# Electromagnetic field tensor (and other tensors) with different sign conventions

In Wikipedia the components of the EM Field Tensor are listed as $$F^{\mu\nu}=\left( \begin{array}{cccc} 0 & -E_x & -E_y & -E_z \\ E_x & 0 & -B_z & B_y \\ E_y & B_z & 0 & -B_x \\ E_z & -B_y & B_x & 0 \\ \end{array} \right)$$ in an inertial frame with units where $$c=1$$ and with the $$(+---)$$ sign convention.

What is the correct expression for the opposite sign convention: $$(-+++)$$? And more importantly, what is the general rule for expressing the coordinates of tensors under the opposite sign convention? Do I switch the sign of all components, or only some, and if so which components are switched? Does it differ for covariant or contravariant tensors?

The signature-independent definition is $$F_{\mu\nu} = \partial_\mu A_\nu - \partial_\nu A_\mu.$$ The definitions of $$\partial_\mu$$ and $$A_\mu$$, as well as $$\mathbf{E}$$ and $$\mathbf{B}$$ in terms of $$A_\mu$$, are also signature independent.
The raised version of the field tensor you cited is produced by raising both indices, $$F^{\mu\nu} = \eta^{\mu\rho} \eta^{\nu\sigma} F_{\rho\sigma}.$$ Changing the metric sign convention, in this case, does nothing besides swap $$\eta \to -\eta$$. Since there are two factors of $$\eta$$, nothing changes.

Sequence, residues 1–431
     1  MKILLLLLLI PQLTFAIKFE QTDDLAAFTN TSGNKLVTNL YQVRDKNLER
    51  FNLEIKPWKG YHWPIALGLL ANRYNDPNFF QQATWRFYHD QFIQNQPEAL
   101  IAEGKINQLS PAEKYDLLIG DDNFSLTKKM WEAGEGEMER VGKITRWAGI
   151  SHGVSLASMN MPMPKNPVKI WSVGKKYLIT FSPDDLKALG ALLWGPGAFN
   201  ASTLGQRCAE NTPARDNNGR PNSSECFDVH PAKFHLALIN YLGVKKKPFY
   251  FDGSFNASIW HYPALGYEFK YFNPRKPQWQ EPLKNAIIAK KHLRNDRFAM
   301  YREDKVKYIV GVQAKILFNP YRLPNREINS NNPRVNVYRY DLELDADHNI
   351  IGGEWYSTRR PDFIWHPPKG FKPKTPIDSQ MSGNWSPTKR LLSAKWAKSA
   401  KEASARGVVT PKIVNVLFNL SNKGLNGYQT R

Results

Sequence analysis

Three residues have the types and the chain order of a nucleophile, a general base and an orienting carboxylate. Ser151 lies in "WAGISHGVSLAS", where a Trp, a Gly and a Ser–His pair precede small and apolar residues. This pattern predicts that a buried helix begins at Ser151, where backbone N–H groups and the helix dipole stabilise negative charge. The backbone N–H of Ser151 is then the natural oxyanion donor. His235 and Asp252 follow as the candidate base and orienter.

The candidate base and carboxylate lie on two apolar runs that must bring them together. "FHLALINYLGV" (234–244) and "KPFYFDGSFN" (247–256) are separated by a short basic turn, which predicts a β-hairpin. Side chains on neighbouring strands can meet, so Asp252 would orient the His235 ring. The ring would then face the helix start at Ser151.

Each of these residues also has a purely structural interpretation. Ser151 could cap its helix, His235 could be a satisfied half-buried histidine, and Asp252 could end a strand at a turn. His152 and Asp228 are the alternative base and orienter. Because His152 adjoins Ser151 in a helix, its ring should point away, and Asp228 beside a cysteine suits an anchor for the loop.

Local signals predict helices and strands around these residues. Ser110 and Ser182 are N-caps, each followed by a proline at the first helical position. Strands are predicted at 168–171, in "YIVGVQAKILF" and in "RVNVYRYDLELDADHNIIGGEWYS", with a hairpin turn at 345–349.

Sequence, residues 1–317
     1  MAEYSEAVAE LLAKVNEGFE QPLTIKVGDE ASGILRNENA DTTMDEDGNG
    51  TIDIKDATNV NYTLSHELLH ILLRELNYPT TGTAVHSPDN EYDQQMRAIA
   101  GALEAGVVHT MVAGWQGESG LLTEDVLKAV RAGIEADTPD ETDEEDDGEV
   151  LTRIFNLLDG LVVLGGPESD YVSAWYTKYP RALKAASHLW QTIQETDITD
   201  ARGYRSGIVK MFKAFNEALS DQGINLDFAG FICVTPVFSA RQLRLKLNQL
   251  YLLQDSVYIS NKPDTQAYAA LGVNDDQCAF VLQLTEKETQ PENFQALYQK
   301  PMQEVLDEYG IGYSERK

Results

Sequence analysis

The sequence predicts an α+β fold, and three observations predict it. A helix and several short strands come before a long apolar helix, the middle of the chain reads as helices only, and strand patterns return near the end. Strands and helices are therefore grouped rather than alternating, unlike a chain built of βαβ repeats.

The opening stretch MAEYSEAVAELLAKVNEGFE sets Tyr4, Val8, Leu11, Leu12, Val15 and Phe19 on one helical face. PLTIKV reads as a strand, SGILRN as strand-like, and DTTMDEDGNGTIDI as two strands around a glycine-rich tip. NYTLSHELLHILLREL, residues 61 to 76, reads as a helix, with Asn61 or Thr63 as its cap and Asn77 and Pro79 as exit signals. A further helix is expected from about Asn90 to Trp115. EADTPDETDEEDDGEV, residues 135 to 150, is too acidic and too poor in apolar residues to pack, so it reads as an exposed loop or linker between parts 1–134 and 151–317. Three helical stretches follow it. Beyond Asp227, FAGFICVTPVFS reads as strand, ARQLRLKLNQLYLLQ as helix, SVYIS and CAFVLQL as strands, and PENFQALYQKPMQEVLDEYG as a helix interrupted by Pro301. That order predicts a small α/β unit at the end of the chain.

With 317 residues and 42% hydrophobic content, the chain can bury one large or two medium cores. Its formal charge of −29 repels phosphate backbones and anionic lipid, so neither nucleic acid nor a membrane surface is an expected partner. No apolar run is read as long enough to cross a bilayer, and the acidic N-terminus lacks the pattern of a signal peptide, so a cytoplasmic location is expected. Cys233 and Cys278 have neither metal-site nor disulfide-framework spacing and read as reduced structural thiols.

There is no general rule for an arbitrary tensor, because the rule depends on what is not changed by swapping the signature, which in turn depends on the conventions you're using for the physical quantities you're describing. For example, the expression you wrote down is in terms of $$E_i$$ and $$B_i$$. Whether these are equal to $$E^i$$ and $$B^i$$ (independent of metric signature) or $$\pm E^i$$ and $$\pm B^i$$ (dependent on metric signature) depends on the source. If it's the latter, then the field tensor would pick up a minus sign. Just looking for a canonical source that says "the" answer is useless, because the answer you'll find in the next canonical source will be different.
• In my electrodynamic course we use the tensor $F_{\mu\nu} = - \partial_\mu A_\nu + \partial_\nu A_\mu$ but it works too. We just have minus signs where you have a plus sign. Aug 5, 2022 at 8:58
• "The signature-independent definition..." - The first equation is $F:=\mathrm d(A^\flat)$, where $A$ is the electromagnetic four-potential, so it is signature-dependent, isn't it? At least that's the essence of Qmechanics's answer to essentially the same question. Oct 19, 2022 at 9:07